Genesis Reviews

Fighting Masters

Genre: Fighting Developer: Treco Publisher: Treco Players: 1-2 Released: 1992

The Genesis had some great fighting games in its history, that much is obvious. There were some other fighting games too, which were… not so great. And I don’t mean they weren’t so because the great games were perfect. I mean that some of the other games purely sucked, like today’s game for example.

Fighting Masters starts off with a story of a world’s ending, and a small group of creatures combine to fight to see who has the honor of living. It’s sort of like the movie Armageddon, except no Ben Affleck, Bruce Willis, Steve Buscemi, or Owen Wilson. Ok, so it’s like Armageddon in name only, but I digress. You select from twelve fighters, some of which are over the top, some generic, and some almost useless. Dirk represents humanity and is your generic blonde haired/blue-eyed wrestler. Along with him, you’ll get some crazy characters like Rotundo, who is just a weird blue blob with feet, and Mastadon, who seems slightly religious. You also get kick boxing horses and boxing goblins.

Then you get the “thrown-in-at-the-last-minute” characters like a Venus Flytrap named DIO, which just seems to bring upon yells of “Holy Diver!” whenever it attacks. Also the game features a robot, as if that hadn’t been used enough at the time. When the robot is one of the more generic characters, you know that the other characters will really stand out. Pretty much, it’s a mixed bag of good and bad creations here.

The graphics are on par for the time. The logo and the opening pictures aren’t all bad and really set a mood, surprisingly. The character sprites aren’t too big and are nicely detailed, even if there isn’t much to detail in the first place. Even the fighting backgrounds are nicely drawn, though slightly generic (ooh, a swamp! A temple! Trees! The brainstorming of levels must have been a milestone day at Treco!) The flashing with each hit is a nice touch, but it does uncover flaws in gameplay. I was even impressed by the screen effect when the match is over. Truthfully, the graphics actually save this from being an almost useless game.

The audio does its part too, and it almost sounds like this was actually a true effort and not just another attempt to make a quick buck. Even with the limited abilities of the characters (more on that later), they still can be slightly more individual with the sounds. The intro sounds, along with the music, is actually pretty much in sync with other fighters from the era and really goes along with the game. Of course, what that really means is that the sounds are simply average.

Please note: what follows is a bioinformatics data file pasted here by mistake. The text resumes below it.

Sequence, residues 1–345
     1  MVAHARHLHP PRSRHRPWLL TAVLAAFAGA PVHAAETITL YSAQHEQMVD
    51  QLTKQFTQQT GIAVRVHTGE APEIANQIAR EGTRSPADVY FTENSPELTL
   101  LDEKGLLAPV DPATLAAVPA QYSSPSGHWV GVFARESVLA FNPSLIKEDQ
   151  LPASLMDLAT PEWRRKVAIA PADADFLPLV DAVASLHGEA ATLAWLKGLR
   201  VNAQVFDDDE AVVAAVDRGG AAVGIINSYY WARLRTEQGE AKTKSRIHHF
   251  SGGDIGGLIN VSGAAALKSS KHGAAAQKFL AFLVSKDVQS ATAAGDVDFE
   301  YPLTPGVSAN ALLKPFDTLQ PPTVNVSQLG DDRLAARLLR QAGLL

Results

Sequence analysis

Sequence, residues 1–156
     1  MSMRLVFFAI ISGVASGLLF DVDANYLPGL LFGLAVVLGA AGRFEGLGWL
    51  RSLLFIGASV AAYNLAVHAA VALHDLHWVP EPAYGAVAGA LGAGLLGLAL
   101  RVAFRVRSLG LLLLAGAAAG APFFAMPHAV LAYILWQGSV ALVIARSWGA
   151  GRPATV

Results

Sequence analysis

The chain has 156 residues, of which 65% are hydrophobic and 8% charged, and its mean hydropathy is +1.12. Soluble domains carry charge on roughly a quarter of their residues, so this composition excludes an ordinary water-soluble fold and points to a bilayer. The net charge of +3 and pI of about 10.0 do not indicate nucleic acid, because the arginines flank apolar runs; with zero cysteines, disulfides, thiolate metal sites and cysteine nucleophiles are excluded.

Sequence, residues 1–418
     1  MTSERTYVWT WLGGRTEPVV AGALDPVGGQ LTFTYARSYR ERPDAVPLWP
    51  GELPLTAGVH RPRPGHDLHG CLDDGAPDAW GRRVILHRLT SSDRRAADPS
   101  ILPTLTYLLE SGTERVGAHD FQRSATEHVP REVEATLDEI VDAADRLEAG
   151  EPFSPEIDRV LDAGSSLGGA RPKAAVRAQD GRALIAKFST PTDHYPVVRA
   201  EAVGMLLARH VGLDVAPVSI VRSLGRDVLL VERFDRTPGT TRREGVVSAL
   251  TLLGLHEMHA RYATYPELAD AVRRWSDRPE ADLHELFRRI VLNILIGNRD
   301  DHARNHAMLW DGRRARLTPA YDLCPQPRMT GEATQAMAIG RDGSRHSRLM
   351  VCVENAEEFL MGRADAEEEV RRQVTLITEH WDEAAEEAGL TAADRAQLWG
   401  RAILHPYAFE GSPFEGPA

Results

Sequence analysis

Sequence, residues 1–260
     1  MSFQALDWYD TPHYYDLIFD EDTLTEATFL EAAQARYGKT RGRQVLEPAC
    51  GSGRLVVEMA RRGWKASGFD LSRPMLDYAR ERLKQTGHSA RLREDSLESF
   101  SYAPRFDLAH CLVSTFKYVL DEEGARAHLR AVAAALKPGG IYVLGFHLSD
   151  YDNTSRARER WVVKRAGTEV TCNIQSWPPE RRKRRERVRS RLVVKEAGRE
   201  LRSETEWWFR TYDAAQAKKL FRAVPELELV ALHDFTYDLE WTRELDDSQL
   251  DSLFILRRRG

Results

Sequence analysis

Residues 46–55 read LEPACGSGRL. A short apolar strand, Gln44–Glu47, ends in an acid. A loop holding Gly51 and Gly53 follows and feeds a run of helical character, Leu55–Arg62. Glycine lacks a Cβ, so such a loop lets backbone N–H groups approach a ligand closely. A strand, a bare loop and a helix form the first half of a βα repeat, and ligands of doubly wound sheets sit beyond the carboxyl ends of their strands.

While all that is well and good, the gameplay is still what best describes Fighting Masters: crap. With everything else going on, you’re still using one button to attack, and one to jump. Like you’re playing an 8-bit game. You’ll be finding yourself either smashing the attack button, or trying to get in a throw, but most of the time the computer will be pulling out some amazing move that just doesn’t seem possible while you try to perform a jump kick! The hit-flash seems good in theory, but what it really seems to do is expose the faulty collision detection of each character. When you can actually get in a hit, the game will pause temporally as you’re opponent flashes, and most likely falls. Now that you’ve hit him once, you’re thinking “well, that was easy! Let’s do it again!” But now, instead of hitting again, you’ll most likely be grabbed, hit *flash*, hit *flash*, Hit *flash*, thrown *flash*, bounce off a wall *flash*, hit the ground *flash*, bounce off ground *flash*. You then decide to try a throw combo of your own. Go ahead, try it! I dare you! Because even when you think you’ve landed a hit, you just may be hitting thin air that looks a lot like your opponent! Then you attempt a grapple. While it looks like you’ve started a combo, next thing you know, a robot is spinning on the ground taking out a fourth of your life!

Like I said, it’s either kick or jump. You get tired of it so quickly that when you finally get the hang of the controls and can really starting winning matches, you may be so bored that you’ll most likely turn it off, never knowing just who was allowed to survive in a new galaxy with the primaries. When the only instance of replay value comes from just trying to configure the simplest control scheme this side of Frogs and Flies, you’ve got problems.

Overall, the novelty of the characters and the nicely done story save Fighting Masters from being the worst fighting game for the Genesis. That being said, the overall faulty gameplay hurt what could have been a real success. But when you’ve got Street Fighter and Mortal Kombat as the leaders, you need to be really special to warrant any real success (guess ClayFighter had that special something. Who knew?).

SCORE: 4 out of 10



  1. I would give this one a 3/10 thanks to the nice music, the Beowulf dance at the end, and the fact that I felt something while playing. Anger, the kind that will make you throw your controller on the ground, is a rare feeling that need more praise.

  2. 4/10 is too gracious for this turd. The character designs are nice in a campy sort of way, but the game is boring, clunky, simplistic and repetitive. Plus, it brings back bad memories. I’d say 2/10.

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